Background and Aims
Alagille syndrome (ALGS) is a multisystem disorder, characterized by cholestasis. Existing outcome data are largely derived from tertiary centers, and real-world data are lacking. This study aimed to elucidate the natural history of liver disease in a contemporary, international cohort of children with ALGS.
Approach and Results
This was a multicenter retrospective study of children with a clinically and/or genetically confirmed ALGS diagnosis, born between January 1997 and August 2019. Native liver survival (NLS) and event-free survival rates were assessed. Cox models were constructed to identify early biochemical predictors of clinically evident portal hypertension (CEPH) and NLS. In total, 1433 children (57% male) from 67 centers in 29 countries were included. The 10 and 18-year NLS rates were 54.4% and 40.3%. By 10 and 18 years, 51.5% and 66.0% of children with ALGS experienced ≥1 adverse liver-related event (CEPH, transplant, or death). Children (>6 and ≤12 months) with median total bilirubin (TB) levels between ≥5.0 and <10.0 mg/dl had a 4.1-fold (95% confidence interval [CI], 1.6–10.8), and those ≥10.0 mg/dl had an 8.0-fold (95% CI, 3.4–18.4) increased risk of developing CEPH compared with those <5.0 mg/dl. Median TB levels between ≥5.0 and <10.0 mg/dl and >10.0 mg/dl were associated with a 4.8 (95% CI, 2.4–9.7) and 15.6 (95% CI, 8.7–28.2) increased risk of transplantation relative to <5.0 mg/dl. Median TB <5.0 mg/dl were associated with higher NLS rates relative to ≥5.0 mg/dl, with 79% reaching adulthood with native liver (p < 0.001).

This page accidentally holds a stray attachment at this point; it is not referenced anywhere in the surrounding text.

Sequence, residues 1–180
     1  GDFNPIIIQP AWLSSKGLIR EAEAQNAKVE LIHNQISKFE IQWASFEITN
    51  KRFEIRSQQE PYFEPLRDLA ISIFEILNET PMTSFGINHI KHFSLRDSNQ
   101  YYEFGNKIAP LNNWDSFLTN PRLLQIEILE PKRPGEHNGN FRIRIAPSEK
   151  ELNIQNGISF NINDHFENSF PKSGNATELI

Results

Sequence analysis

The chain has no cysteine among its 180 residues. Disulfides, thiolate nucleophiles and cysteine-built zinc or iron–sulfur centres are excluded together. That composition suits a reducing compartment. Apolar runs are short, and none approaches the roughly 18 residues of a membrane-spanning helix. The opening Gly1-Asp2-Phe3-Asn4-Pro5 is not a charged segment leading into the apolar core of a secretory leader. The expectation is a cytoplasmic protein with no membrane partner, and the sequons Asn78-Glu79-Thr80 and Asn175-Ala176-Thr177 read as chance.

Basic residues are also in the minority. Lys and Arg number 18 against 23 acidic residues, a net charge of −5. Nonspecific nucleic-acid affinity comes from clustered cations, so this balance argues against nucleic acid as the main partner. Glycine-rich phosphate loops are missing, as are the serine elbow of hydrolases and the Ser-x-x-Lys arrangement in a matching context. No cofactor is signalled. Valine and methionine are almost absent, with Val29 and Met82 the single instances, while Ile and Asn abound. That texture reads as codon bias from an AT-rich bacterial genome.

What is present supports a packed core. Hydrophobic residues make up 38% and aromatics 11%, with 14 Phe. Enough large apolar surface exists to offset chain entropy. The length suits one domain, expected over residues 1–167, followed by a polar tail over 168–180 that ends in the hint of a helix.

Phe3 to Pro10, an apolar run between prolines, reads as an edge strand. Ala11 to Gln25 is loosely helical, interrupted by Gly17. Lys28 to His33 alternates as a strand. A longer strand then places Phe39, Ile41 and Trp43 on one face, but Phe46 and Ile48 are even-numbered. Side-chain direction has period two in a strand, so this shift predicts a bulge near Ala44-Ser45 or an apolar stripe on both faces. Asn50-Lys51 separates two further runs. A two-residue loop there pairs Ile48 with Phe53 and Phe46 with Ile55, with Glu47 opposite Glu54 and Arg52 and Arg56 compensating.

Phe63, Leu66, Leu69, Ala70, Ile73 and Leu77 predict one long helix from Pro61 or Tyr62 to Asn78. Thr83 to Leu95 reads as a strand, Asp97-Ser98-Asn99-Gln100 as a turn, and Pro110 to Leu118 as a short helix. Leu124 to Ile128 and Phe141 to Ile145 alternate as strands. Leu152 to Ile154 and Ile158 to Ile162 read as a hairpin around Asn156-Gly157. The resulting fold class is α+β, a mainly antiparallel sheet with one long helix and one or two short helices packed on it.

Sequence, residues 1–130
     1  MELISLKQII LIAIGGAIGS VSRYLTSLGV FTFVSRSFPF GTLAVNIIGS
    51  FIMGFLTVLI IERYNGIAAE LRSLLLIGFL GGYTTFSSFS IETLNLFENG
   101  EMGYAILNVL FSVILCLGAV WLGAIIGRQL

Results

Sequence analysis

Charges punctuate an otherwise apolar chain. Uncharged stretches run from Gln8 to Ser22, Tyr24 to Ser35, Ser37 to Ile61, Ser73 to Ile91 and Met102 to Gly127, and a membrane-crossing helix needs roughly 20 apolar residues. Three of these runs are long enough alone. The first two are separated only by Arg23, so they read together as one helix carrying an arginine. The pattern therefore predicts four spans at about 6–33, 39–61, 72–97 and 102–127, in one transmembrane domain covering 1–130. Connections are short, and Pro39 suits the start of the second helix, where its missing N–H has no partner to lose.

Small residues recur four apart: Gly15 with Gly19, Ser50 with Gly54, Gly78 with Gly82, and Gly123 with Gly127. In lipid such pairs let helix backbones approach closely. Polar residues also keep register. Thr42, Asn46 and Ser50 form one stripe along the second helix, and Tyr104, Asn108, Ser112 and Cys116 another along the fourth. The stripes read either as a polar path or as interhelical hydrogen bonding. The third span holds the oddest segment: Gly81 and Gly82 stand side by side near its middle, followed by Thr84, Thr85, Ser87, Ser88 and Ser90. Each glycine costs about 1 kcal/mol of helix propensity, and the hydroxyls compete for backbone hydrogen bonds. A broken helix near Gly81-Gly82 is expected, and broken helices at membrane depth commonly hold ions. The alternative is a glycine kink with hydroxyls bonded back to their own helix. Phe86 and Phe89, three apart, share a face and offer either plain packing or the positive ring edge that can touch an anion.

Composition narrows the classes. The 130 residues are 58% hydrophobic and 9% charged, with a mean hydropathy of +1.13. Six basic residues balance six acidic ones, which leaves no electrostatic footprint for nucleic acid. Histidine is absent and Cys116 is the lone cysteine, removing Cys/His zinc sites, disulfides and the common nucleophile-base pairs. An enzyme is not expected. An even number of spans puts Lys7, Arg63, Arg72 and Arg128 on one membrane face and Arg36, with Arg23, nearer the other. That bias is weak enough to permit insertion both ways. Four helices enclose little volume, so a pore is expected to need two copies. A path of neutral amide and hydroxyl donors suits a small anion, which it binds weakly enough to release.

In this large international cohort of ALGS, only 40.3% of children reach adulthood with their native liver. A TB <5.0 mg/dl between 6 and 12 months of age is associated with better hepatic outcomes. These thresholds provide clinicians with an objective tool to assist with clinical decision-making and in the evaluation of therapies.
Areas of Research: Alagille syndrome, liver disease
Investigator, CHEO Research Institute